# Cardinality​

The number of items in a set is known as its cardinality. A set with a cardinality of zero is referred to as an empty set. A set with a cardinality of one is known as a singleton.

The term cardinality is used to refer to both the exact number of elements in a given set or a range of possible values. Internally, EdgeDB tracks 5 different cardinality ranges: `Empty` (zero elements), `One` (a singleton set), `AtMostOne` (zero or one elements), `AtLeastOne` (one or more elements), and `Many` (any number of elements).

EdgeDB uses this information to statically check queries for validity. For instance, when assigning to a `required multi` link, the value being assigned in question must have a cardinality of `One` or `AtLeastOne` (as empty sets are not permitted).

It’s often useful to think of EdgeDB functions/operators as either element-wise or aggregate. Element-wise operations are applied to each item in a set. Aggregate operations operate on sets as a whole.

This is a simplification, but it’s a useful mental model when getting started with EdgeDB.

An example of an aggregate function is `count()`. It returns the number of elements in a given set. Regardless of the size of the input set, the result is a singleton integer.

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`db> `
`select count('hello');`
`{1}`
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`db> `
`select count({'this', 'is', 'a', 'set'});`
`{4}`
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`db> `
`select count(<str>{});`
`{0}`

Another example is `array_agg()`, which converts a set of elements into a singleton array.

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`db> `
`select array_agg({1,2,3});`
`{[1, 2, 3]}`

By contrast, the `len()` function is element-wise; it computes the length of each string inside a set of strings; as such, it converts a set of `str` into an equally-sized set of `int64`.

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`db> `
`select len('hello');`
`{5}`
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`db> `
`select len({'hello', 'world'});`
`{5, 5}`

In case of element-wise operations that accept multiple arguments, the operation is applied to a cartesian product of all the input sets.

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`db> `
`select {'aaa', 'bbb'} ++ {'ccc', 'ddd'};`
`{'aaaccc', 'aaaddd', 'bbbccc', 'bbbddd'}`
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`db> `
`select {true, false} or {true, false};`
`{true, true, true, false}`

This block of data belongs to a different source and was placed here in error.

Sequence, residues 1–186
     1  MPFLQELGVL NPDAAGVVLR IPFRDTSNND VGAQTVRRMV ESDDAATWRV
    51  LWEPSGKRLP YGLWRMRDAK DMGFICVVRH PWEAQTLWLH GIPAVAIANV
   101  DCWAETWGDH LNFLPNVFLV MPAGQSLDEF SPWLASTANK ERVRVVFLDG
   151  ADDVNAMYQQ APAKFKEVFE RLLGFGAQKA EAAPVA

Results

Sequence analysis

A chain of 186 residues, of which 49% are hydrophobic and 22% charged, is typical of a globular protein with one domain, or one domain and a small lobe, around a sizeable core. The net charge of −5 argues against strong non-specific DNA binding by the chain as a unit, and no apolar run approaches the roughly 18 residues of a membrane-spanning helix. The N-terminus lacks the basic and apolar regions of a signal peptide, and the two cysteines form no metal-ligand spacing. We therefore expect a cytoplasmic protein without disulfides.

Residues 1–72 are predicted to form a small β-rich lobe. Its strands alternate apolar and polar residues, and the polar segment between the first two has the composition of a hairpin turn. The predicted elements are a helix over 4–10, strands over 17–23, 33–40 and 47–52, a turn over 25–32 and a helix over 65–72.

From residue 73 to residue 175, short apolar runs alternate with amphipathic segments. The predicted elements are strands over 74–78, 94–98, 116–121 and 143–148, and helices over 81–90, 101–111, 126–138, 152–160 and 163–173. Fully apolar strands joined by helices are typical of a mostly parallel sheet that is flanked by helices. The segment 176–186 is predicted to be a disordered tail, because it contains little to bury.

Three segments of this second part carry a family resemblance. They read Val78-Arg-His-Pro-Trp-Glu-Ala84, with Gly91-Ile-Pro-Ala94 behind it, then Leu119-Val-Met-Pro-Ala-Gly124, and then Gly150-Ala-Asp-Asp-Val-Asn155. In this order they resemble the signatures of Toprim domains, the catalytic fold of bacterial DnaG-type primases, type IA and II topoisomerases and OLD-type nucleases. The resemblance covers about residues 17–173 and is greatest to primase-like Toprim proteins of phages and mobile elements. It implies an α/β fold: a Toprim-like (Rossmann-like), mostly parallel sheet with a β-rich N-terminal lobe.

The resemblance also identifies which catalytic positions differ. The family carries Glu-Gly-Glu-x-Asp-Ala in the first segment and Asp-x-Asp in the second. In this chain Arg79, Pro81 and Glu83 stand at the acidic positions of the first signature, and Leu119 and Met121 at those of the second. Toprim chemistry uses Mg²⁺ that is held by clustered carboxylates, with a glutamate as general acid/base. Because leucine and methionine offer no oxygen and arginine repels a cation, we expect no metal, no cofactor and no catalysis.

By extension, if any of the input sets are empty, the result of applying an element-wise function is also empty. In effect, when EdgeDB detects an empty set, it “short-circuits” and returns an empty set without applying the operation.

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`db> `
`select {} ++ {'ccc', 'ddd'};`
`{}`
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`db> `
`select {} or {true, false};`
`{}`

Certain functions and operators avoid this “short-circuit” behavior by marking their inputs as optional. A notable example of an operator with optional inputs is the `??` operator.

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`db> `
`select <str>{} ?? 'default';`
`{'default'}`

Ultimately, the distinction between “aggregate vs element-wise” operations is a false one. Consider the `in` operation.

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`db> `
`select {1, 4} in {1, 2, 3};`
`{true, false}`

This operator takes two inputs. If it was “element-wise” we would expect the cardinality of the above operation to the cartesian product of the input cardinalities: `2 x 3 = 6`. It it was aggregate, we’d expect a singleton output.

Instead, the cardinality is `2`. This operator is element-wise with respect to the first input and aggregate with respect to the second. The “element-wise vs aggregate” concept isn’t determined on a per-function/per-operator basis; it determined on a per-input basis.

When defining functions, all inputs are element-wise by default. The `set of` type qualifier is used to designate an input as aggregate. Currently this modifier is not supported for user-defined functions, but it is used by certain standard library functions.

Similarly the `optional` qualifier marks the input as optional; an operation will be executed is an optional input is empty, whereas passing an empty set for a “standard” (non-optional) element-wise input will always result in an empty set.

Similarly, the output of a function can be annotated with `set of` and `optional` qualifiers.

To compute the number of times a function/operator will be invoked, take the cardinality of each input and apply the following transformations, based on the type qualifier (or lack thereof) for each:

```element-wise:  N -> N
optional:      N -> max(1, N)
aggregate:     N -> 1```

The ultimate cardinality of the result is the union of the results of each invokation; as such, it depends on the values returned by each invokation.